It used to be that unions could force unnaturally high wages and benefits on U.S. manufacturers, and the costs would be passed along to consumers. Those were the days prior to globalization when the U.S. auto industry had a lock on the domestic market and experienced little international competition. It was inevitable that Michigan would find the new competition disruptive, but not that it would react to it so poorly.

The way to thrive in a globalized environment is to create a low-tax economy without the rigidities that come with heavy unionization and regulation. For those who disagree, Michigan beckons.

As Alice the Camel noted last week, it’s only Liberals for whom political economy is a mystery. The problems have been well known to conservtives for a long time:
The natural function of a trade union and the one for which it was historically conceived is to represent those employees who want collective representation in bargaining with their employers over terms of employment. But note that this function is perverted the moment a union claims the right to represent employees who do not want representation, or conducts activities that have nothing to do with terms of employment (e.g. political activities), or tries to deal with an industry as a whole instead of with individual employers. -Barry Goldwater

Paladin fleshed this out in Michigan’s case in February: If Jobs Really Matter ……

Jobs. Michigan needs more jobs. Ask anyone. Read any newspaper. Listen to any politician. More jobs are what we need. Better jobs are what we need. Manufacturing jobs are what we need.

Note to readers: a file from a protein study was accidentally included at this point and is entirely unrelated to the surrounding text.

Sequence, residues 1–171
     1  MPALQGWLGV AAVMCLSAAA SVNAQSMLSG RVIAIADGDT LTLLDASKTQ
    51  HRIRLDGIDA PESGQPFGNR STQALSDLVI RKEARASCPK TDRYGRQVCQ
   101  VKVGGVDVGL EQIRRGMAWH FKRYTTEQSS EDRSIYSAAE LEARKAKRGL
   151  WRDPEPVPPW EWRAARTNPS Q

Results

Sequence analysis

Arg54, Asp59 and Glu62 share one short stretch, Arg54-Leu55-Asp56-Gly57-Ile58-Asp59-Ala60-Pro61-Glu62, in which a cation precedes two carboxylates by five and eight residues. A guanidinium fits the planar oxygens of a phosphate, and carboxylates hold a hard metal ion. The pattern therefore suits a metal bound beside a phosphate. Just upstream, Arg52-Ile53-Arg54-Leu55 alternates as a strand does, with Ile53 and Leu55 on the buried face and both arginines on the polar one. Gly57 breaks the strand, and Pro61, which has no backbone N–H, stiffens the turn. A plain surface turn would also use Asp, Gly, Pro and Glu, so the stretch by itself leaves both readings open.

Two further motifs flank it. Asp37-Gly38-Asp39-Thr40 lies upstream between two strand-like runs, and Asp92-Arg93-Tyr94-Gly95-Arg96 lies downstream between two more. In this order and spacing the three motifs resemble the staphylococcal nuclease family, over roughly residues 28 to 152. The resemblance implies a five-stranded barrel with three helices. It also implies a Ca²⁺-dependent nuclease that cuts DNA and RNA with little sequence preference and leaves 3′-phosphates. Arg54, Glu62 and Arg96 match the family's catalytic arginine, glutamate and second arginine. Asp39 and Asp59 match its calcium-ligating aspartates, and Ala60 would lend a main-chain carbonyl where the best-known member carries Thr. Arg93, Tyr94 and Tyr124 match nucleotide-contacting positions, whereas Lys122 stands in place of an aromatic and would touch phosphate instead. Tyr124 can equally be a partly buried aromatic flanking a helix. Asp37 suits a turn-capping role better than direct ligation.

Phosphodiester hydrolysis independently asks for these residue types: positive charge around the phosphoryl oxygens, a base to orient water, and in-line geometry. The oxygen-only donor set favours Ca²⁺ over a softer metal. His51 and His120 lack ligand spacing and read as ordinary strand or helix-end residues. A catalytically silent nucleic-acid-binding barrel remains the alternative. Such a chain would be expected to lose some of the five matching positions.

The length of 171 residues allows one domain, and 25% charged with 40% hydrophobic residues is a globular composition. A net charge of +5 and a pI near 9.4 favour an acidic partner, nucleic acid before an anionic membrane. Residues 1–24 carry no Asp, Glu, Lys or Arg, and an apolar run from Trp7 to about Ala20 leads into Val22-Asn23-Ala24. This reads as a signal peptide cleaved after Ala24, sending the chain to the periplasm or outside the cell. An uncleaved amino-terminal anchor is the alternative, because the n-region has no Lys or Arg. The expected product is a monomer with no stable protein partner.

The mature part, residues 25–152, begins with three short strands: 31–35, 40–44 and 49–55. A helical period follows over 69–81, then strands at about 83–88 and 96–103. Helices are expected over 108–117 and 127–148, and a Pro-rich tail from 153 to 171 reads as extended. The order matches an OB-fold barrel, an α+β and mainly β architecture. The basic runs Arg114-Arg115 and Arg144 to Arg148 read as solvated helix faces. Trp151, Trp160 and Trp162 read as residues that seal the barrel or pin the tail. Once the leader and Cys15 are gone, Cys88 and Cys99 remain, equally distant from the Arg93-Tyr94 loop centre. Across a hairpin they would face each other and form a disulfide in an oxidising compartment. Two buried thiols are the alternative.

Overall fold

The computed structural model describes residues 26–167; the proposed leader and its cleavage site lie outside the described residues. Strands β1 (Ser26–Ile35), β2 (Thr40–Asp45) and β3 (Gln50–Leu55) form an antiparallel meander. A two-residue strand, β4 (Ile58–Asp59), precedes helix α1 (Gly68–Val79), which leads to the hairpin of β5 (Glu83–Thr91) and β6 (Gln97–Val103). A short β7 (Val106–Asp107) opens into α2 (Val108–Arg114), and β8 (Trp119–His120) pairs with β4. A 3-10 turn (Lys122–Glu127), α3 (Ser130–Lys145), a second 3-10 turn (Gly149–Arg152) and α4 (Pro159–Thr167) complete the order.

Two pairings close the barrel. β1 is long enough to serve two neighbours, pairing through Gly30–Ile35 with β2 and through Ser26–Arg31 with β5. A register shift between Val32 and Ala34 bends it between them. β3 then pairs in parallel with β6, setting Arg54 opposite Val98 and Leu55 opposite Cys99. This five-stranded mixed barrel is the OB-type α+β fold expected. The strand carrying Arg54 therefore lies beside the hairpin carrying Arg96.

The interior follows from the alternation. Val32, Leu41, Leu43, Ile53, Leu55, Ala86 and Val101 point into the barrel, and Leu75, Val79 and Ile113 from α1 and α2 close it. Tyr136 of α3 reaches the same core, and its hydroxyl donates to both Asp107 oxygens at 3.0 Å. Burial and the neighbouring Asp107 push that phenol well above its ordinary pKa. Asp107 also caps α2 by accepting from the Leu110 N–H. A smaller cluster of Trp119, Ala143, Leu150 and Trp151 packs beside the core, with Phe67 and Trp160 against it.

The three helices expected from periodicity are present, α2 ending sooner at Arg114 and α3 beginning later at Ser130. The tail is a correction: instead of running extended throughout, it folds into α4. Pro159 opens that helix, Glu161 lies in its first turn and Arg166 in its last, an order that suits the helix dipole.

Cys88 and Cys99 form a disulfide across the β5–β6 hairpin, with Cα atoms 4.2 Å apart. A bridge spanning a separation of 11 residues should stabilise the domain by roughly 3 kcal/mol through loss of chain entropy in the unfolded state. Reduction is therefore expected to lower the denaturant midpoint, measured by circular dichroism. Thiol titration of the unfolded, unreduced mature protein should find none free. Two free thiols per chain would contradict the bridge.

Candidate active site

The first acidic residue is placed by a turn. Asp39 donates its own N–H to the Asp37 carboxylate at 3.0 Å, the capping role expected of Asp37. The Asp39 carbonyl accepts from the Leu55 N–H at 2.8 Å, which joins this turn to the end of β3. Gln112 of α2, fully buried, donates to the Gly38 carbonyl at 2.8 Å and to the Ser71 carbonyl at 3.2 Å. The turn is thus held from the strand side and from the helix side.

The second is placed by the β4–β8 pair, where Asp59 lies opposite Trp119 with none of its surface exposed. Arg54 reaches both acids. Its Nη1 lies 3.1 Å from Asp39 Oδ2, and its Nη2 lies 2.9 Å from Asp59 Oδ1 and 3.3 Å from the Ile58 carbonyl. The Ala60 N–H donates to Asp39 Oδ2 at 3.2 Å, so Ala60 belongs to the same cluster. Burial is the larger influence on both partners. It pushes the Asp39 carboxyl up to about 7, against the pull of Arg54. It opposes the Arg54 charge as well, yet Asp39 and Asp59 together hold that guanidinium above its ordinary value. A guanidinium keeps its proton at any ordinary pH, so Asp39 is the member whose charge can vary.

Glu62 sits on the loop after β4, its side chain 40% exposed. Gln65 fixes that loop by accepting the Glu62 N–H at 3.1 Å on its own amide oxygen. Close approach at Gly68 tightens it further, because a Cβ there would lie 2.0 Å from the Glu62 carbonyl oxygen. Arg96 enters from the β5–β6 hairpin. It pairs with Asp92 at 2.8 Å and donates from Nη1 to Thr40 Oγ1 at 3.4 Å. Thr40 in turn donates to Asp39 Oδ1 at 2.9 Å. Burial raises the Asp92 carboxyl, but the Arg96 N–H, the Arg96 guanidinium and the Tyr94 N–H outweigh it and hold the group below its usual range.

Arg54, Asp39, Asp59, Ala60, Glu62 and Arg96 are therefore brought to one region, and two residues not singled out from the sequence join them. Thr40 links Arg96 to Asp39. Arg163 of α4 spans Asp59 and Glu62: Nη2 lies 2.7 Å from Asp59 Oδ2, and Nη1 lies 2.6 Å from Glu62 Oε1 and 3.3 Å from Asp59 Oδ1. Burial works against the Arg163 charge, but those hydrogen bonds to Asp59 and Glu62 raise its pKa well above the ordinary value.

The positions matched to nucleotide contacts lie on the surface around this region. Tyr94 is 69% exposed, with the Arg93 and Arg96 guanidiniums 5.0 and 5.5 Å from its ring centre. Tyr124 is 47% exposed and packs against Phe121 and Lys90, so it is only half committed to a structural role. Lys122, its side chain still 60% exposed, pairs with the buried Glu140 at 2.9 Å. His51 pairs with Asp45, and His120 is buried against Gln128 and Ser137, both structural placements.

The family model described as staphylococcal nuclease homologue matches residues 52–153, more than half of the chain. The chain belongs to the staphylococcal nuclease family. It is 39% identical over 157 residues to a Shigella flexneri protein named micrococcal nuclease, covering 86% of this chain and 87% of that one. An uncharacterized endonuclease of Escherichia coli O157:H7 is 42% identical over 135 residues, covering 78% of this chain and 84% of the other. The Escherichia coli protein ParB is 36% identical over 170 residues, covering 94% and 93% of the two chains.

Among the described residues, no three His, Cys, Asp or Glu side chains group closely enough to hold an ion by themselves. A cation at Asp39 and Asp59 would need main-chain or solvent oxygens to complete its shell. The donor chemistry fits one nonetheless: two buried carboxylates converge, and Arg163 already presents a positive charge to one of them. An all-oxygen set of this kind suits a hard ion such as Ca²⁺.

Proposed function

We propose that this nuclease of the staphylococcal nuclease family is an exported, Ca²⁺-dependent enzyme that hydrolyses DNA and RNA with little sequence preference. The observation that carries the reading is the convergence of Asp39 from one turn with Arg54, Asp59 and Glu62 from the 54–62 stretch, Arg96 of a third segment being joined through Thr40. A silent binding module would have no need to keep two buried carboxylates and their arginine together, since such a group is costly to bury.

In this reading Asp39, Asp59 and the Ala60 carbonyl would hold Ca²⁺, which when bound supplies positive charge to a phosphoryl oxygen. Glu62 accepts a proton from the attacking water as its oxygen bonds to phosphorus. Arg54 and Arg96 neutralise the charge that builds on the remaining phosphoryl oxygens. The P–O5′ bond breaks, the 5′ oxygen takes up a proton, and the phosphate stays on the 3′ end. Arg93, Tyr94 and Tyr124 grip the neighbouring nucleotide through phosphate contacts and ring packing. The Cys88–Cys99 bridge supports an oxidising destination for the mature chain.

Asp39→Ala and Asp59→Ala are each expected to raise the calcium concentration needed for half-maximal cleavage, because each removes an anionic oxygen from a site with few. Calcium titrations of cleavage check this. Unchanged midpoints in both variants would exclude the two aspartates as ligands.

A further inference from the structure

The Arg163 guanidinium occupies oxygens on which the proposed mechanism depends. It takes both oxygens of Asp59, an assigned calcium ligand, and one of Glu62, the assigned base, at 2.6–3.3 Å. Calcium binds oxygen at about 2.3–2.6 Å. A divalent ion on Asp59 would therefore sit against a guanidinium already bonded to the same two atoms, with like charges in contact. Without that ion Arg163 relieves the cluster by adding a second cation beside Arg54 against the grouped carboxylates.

The Wall Street Journal reports that in the 20 years between 1986 and 2006 right-to-work States like Alabama, Texas, and South Carolina added 104,000 auto industry jobs while union-fair-play States like Michigan, New York, and Ohio have lost 130,000 auto industry jobs.

Union membership in the United States has gone from 34% in the fifties to 12% in 2006. How much longer can Michigan afford to ride this curve? Where are the politicians who really do care about jobs? And why don’t we elect them?

Unions were needed in the 1930s. Unions thrived from 1945-1970 in the environment of the auto industry quasi-monopoly. And as long as the monopoly lasted, Michigan’s “fair play” laws could not do serious damage.

Those days are gone. Only free markets for capital, goods, and labor can restore Michigan’s greatness.

I will note that 2 Republicans in the House voted in favor of this idiocy. It did not change the result, but you have to ponder what this sort of behavior implies about the value of term limits. Their defection did provide a margin of safety for a Democrat to vote against the measure. Jack Hoogendyck notes:

In the end, Chris Ward (R) Brighton, and Ed Gaffney (R) Grosse Pointe, voted with the majority of Democrats to approve the new tax. Both are in their last terms. They are not worried about reelection.

Mike Simpson (D), a vulnerable from Jackson voted NO. He got off the hook, thanks to two Republicans.

The only good news to come out of this is that MESSA and the MEA are facing a “reform.” The Democrats must be profoundly embarrassed.

2 thoughts on “Michigan breaks into the Top Ten”

  1. In 2001 (at the age of 42), I finally called it quits on Michigan and moved to metro Atlanta (GA). During the 10 years prior to my move, business was great. Even though I worked for companies based in Connecticut, Iowa and Minnesota, I was determined to stay in my home state and support the economy by telecommuting long distance. Now, I just go back to Michigan a couple of times a year and act like a tourist…not sure Michigan will even get tourists to visit anymore (might as well visit Canada).